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Personal distress is an aversive, self-focused emotional reaction (e.g., anxiety, worry, discomfort) to the apprehension or comprehension of another’s emotional state or condition. This negative affective state often occurs as a result of emotional contagion when there is confusion between self and other. Unlike empathy, personal distress has not to be congruent with the other’s state, and often leads to a self-oriented, egoistic reaction to reduce it, by withdrawing from the stressor, for example, thereby decreasing the likelihood of prosocial behavior.[1] There is evidence that sympathy and personal distress are subjectively different[2], have different somatic and physiological correlates,[3] and relate differently to prosocial behavior.[4]

Work in social neuroscience, using functional neuroimaging, shows that the perception of another individual in pain results, in the observer, in the activation of the neural network involved in the processing of firsthand experience of pain. This intimate overlap between the neural circuits responsible for our ability to perceive the pain of others and those underlying our own self-experience of pain can lead to personal distress and can possibly be detrimental to empathic concern. Personal distress may even result in a more egoistic motivation to reduce it, by withdrawing from the stressor, for example, thereby decreasing the likelihood of prosocial behavior.[5]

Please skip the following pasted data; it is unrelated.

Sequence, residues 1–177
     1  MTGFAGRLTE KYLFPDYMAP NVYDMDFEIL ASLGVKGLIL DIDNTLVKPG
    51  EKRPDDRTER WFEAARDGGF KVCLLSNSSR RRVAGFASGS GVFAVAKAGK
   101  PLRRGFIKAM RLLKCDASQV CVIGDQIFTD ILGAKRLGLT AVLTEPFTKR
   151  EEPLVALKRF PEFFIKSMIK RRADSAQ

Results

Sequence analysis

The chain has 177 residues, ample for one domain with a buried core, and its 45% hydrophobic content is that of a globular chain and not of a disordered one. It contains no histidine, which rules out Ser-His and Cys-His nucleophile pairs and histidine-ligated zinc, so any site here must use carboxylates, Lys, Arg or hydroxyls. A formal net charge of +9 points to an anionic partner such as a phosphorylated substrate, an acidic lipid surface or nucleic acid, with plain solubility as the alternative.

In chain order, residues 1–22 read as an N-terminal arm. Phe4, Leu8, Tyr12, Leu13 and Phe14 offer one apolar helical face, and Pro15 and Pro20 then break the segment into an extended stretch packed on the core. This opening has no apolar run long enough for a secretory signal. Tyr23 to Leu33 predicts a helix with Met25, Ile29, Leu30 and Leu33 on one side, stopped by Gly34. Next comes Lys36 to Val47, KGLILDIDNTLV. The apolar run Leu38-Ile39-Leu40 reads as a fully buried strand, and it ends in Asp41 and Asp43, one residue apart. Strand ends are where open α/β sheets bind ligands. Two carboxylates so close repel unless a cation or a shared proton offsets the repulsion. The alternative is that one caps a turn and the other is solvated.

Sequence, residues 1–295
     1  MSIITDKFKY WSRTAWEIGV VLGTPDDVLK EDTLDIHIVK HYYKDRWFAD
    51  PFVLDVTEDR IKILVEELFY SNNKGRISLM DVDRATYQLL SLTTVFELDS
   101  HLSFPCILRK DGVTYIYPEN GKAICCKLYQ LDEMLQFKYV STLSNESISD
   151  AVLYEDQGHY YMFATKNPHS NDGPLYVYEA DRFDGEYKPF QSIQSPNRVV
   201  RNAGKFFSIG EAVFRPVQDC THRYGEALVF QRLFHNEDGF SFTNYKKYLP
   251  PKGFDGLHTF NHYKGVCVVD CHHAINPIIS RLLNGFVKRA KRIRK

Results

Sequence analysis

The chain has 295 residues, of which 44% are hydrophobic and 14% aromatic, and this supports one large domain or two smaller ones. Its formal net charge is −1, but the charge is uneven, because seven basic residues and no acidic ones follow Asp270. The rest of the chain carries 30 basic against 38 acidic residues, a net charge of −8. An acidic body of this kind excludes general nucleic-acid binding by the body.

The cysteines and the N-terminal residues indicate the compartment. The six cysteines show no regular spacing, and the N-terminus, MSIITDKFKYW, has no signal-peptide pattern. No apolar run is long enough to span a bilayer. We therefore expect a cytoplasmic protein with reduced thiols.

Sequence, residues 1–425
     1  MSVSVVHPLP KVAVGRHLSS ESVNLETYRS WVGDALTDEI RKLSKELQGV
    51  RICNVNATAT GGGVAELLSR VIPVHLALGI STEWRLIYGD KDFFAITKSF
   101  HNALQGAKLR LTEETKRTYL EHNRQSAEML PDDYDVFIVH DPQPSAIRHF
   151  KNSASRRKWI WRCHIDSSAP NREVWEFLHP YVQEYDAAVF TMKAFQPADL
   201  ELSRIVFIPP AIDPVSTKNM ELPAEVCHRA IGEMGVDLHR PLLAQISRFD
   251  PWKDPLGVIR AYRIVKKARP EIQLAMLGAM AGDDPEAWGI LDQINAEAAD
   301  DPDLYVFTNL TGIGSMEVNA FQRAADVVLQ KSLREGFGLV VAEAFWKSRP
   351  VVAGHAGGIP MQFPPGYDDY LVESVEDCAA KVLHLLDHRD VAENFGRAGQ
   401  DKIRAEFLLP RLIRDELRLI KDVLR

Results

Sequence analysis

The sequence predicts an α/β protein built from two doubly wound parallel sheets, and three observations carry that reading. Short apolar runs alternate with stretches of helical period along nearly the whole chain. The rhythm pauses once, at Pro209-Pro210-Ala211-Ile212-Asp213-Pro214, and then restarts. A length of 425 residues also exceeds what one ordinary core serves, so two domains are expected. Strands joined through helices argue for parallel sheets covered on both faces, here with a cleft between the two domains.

Contents

See also

Further readings

  • Hodges, S.D., & Klein, K.J.K. (2001). Regulating the costs of empathy: the price of being human. Journal of Socio-Economics, 30, 437-452.
  • Eisenberg, N., & Strayer, J. (1987). Empathy and its Development. Cambridge: Cambridge University Press.

References

  1. ^ Tice, D.M., Bratslavsky, E., & Baumeister, R.F. (2001). Emotional distress regulation takes precedence over impulse control: If you feel bad, do it! Journal of Personality and Social Psychology, 80, 53-67.
  2. ^ Batson, C. D., etal. (1987). Five studies testing two new egoistic alternatives to the empathy-altruism hypothesis. Journal of Personality and Social Psychology, 55, 52-77
  3. ^ Eisenberg, N., McCreath, H., & Ahn, R. (1988). Vicarious emotional responsiveness and prosocial behavior: their interrelations in young children. Personality and Social Psychology Bulletin, 14, 298-311.
  4. ^ Eisenberg, N., & Miller, P. A. (1987). The relation of empathy to prosocial and related behaviors. Psychological Bulletin, 101, 91-1 19.
  5. ^ Decety, J., & Lamm, C. (2009). Empathy versus personal distress - Recent evidence from social neuroscience. In J. Decety and W. Ickes (Eds.), The Social Neuroscience of Empathy (pp. 199-213). Cambridge: MIT press.

Books

  • Davis, M. H. (1996). Empathy: A Social-Psychological Approach. Westview.
  • Decety, J., & Ickes, W. (2009). The Social Neuroscience of Empathy. Cambridge: MIT Press.

External links

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